Online auctions: follow these tips to avoid scammers

Farmers should be wary of night auctioneers who have no intention of fulfilling their obligations to deliver goods. Often, these fake online auctions also offer alternative products that do not match customer offers.

This warning comes from the South African Auctioneers Institute (SAIA) who claim that there has also been a recent increase in problems relating to deposit refunds by bogus auctioneers.

SAIA reports that the Covid-19 lockdown restrictions have led to an unprecedented migration to online auctions as a way to sell anything from properties and cars to office furniture and even household items.

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Online Auctions: Eddie Prinsloo of Heuningkrans Farm near Smithfield in the Free State.  Photo: Twitter/Molatek
Eddie Prinsloo of Heuningkrans Farm near Smithfield in the Free State. Photo: Twitter/Molatek

New online auctioneers are emerging, often using social media marketing to encourage buyers to bid or make offers on goods. Agricultural buyers can easily be tricked into participating in a sale process or so-called auction that is not transparent, legal or safe.

Recent victims include famed Merino stud breeder Eddie Prinsloo who was bamboozled in a R4.9 million deal.

Prinsloo is the owner of Heuningkrans Farm in Smithfield in the Free State. He is known as a champion of land reform after giving seven land titles to workers in his Donkerhoek project.

Who are you dealing with?

The SAIA has now detected an increase in complaints against dishonest online auctioneers.

Online Auctions: John Cowing, President of the South African Auctioneers Institute (SAIA).  Photo: Supplied/Food for Mzansi
John Cowing, President of the South African Auctioneers Institute (SAIA). Photo: Supplied/Food for Mzansi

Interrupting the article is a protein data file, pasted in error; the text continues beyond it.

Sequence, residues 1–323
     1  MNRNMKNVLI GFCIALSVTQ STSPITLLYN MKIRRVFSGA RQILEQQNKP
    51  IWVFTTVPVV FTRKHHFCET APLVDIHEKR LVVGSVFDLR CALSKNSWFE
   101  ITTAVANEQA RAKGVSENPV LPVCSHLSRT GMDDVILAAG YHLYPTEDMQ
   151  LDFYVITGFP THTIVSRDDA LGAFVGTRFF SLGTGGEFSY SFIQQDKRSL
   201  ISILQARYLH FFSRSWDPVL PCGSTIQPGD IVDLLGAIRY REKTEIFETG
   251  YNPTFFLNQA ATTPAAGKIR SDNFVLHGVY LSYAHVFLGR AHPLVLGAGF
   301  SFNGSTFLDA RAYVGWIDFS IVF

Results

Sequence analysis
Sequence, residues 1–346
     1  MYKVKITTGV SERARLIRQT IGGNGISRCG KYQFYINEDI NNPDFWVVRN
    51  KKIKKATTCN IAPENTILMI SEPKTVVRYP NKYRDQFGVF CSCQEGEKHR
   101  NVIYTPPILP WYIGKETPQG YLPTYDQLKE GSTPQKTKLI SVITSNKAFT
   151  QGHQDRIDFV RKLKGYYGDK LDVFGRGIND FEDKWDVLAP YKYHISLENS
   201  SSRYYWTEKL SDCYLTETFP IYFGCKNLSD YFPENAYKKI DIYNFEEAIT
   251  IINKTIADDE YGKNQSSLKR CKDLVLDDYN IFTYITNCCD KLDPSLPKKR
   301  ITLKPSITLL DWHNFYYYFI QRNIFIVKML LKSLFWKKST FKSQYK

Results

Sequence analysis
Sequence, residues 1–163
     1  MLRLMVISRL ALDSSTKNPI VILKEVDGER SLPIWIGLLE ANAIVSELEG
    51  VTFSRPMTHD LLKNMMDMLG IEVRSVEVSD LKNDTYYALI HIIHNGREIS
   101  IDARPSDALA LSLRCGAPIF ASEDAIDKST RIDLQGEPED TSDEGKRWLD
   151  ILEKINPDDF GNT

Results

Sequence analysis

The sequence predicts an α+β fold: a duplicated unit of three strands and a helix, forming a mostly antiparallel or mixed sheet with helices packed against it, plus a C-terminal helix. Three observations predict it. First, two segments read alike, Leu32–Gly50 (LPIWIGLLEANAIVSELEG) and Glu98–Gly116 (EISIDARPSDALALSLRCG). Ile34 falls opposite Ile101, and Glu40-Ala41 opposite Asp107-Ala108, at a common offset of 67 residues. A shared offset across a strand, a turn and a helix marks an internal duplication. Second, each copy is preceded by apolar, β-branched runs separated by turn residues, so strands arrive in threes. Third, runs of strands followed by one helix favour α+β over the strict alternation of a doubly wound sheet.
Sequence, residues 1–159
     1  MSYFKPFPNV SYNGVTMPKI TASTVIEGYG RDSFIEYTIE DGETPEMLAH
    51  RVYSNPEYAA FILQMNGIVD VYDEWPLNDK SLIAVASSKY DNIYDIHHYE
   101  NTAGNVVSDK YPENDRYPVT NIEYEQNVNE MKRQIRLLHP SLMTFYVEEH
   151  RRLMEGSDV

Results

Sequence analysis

“Unfortunately, it is only when issues arise that bidders realize they are dealing with unprofessional sellers claiming to be bona fide auctioneers.

“This should send a clear message to the public to only deal with registered professional auctioneers who are members of SAIA,” SAIA Chairman John Cowing said.

“Before committing to buying from a so-called auction site, a simple check on SAIA’s site will dispel any concerns you may have. Our members have remained resilient in the face of the pandemic and are among the leaders in online auctioning. »

Cowing claims that institute members comply with all requirements to ensure honest and fair online auctions. Most will post their credentials on their website, which can be checked by the SAIA office if the bidder is in any doubt.

“Our members are responsible custodians of assets, who subscribe to our code of conduct. You are well advised to establish who you are dealing with before parting with your money. These online auctions put a stain on our industry and we hope that over time, with legislation, we will be able to eradicate these illicit traders.

“While we actively promote industry growth and the adoption of new technologies, we do not support these organized crime syndicates. You can often find great deals at auction, but if it sounds too good to be true, it probably is.

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